And what’s this proposal? Read it here…

But whatever scheme is pursued urgent action is needed to stop the building from deteriorating further and secure the structure, now.
The money spent on years of 24 hours security guards would have paid for some basic works and would have allowed the building to remain in use, the sorry state it is now and the consequent likely cost of a refurbishment today was an entirely predictable consequence of the lack of action of the Council, in fact it was predicted by many.

Daily Mail jumps on my bandwagon

September 12, 2009

Only two days ofter my posting on rogue clamping in Lewisham and my call for the Council to do something about it the Daily Mail starts a campaign against Cowboy Clampers.

The article in the Mail gives some good legal background and call this activity a legalized mugging. According to the mail this is a completely unregulated activity and until legislation is introduced clampers are in their right to do whatever they want and suggest what new legislation should say.

I am not completely convinced that there isn’t anything that can already be done. Couldn’t this fall into street trading? It is indeed private land but open to public access.
One could say that trading has to do with the exchange of goods, I’d say that trading involves all economic activities, and clamping is definitely one.

The Council’s policy is to:

“oppose all street trading other than from areas approved by the Council where highway safety will not be impaired. For such sites a trader’s licence must be obtained from us”

So, if the legal definition of trading includes all economic activities then this could mean that Councils are already in the position to stop rogue clampers by denying licences for those sites not approved by the Council.

And if there were legal reasons why this would not work then all the legislation that’s needed is an extension of street trading to include clamping and a set of rules for the standards that need apply in order to obtain and retain a licence for this specific activity.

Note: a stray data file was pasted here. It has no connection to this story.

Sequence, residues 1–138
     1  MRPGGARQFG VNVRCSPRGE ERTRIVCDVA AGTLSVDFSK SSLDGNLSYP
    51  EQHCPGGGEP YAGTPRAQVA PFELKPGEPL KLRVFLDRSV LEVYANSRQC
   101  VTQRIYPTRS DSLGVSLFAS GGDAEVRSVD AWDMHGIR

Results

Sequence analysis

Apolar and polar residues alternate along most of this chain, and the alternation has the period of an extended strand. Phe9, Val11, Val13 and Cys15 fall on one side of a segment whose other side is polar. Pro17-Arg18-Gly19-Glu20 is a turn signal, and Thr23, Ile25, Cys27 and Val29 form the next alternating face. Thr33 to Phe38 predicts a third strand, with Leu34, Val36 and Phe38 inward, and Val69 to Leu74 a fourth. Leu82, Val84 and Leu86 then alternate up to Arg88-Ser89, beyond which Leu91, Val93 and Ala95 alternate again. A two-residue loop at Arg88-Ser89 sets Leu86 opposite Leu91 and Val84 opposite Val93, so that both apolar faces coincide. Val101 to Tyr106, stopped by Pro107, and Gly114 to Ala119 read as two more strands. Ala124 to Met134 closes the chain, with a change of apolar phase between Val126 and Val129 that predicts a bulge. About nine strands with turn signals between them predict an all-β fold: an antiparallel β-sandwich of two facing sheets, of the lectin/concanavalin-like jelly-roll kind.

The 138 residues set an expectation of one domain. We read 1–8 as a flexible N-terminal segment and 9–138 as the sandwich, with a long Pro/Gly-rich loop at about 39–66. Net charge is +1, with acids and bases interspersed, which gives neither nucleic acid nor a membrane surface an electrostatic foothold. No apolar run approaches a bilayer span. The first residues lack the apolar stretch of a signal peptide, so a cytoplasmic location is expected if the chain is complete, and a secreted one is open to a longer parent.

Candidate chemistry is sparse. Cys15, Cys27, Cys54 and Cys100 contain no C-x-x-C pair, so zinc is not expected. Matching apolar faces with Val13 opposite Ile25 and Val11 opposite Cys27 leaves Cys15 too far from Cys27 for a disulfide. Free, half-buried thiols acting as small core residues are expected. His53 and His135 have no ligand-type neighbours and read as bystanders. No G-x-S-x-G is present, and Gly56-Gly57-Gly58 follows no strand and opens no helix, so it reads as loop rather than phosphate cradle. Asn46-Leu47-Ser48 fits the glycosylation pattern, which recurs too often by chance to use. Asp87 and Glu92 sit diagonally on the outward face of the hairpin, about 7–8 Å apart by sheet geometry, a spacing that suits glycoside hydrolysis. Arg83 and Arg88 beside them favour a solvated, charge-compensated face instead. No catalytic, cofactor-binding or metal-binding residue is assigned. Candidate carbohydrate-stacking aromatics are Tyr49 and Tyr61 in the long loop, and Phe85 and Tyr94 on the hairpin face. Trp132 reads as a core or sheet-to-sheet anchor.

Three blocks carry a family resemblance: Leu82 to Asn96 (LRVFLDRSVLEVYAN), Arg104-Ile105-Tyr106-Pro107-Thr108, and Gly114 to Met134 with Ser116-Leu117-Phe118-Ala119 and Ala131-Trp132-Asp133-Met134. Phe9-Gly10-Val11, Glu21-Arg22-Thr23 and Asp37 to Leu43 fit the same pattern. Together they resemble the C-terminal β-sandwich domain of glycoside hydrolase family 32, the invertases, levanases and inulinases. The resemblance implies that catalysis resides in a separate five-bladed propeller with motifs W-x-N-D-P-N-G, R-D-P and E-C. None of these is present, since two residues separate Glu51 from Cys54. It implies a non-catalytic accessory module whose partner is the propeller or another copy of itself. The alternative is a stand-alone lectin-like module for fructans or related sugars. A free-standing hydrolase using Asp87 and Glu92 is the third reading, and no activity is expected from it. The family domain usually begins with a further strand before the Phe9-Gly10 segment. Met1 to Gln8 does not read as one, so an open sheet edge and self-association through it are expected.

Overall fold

Loampit Vale application approved

September 11, 2009

Members of Planning Committees are independent, unbiased and impartial.
Last night the three Labour members of the Strategic Planning committee (Smith, Paschoud and Wise) voted all in favour of the application for the Loampit Vale development, the others (Libdems Bentley and Edgerton and Green Party Walton) voted against.
The proposal was decided on the casting vote of the Chair, Labour Cllr Smith.

And yet the developers left with stony faces.
What does it take to make a developer happy if not approving a massive application?

The fact is that this application as is makes them little or no money, it’s an enormous development but it has to pay for a swimming pool that although insufficient for the area still costs a packet, then there is the affordable housing and that costs money too, and all of this must be paid by the sale of one bedroom flats and those are not currently making a lot of money.
Lewisham Council in exchange gets a pool built at no cost, then once that’s built they can sell the land of Ladywell Pool.

The financial case for the developments at Lewisham centre was always reliant on the expansion of Canary Wharf, connected to Lewisham via DLR, and the expectation that there the financial services would have created tens of thousands of new jobs in the next few years, and so Lewisham would build towers of one bedroom apartments as the 24 storey block approved yesterday, and these blocks would generate planning gains that would pay for new infrastructure, saving lots of money to the Council. But does this economic model still stand?

I’m going to now make a daring prediction, here’s my fear, the developer starts works, then submits a new planning application asking for more floors to be added or for less social housing or both and doesn’t finish the job until it’s approved. This would be textbook behaviour in the economics of deals like these.
Developers have now limited capacity and with multiple planning application approved they will always decide to go with the most profitable option and so if this one site doesn’t make enough money it stays on the back burner until it becomes profitable, and that could be some years down the line.

And the best thing is that now they own the land, the Mayor approved the transfer out of Council’s ownership over to the developer that can now very easily keep it bare as is for as long as it takes to see it become a profitable development. Lewisham Council cannot now just ask another developer.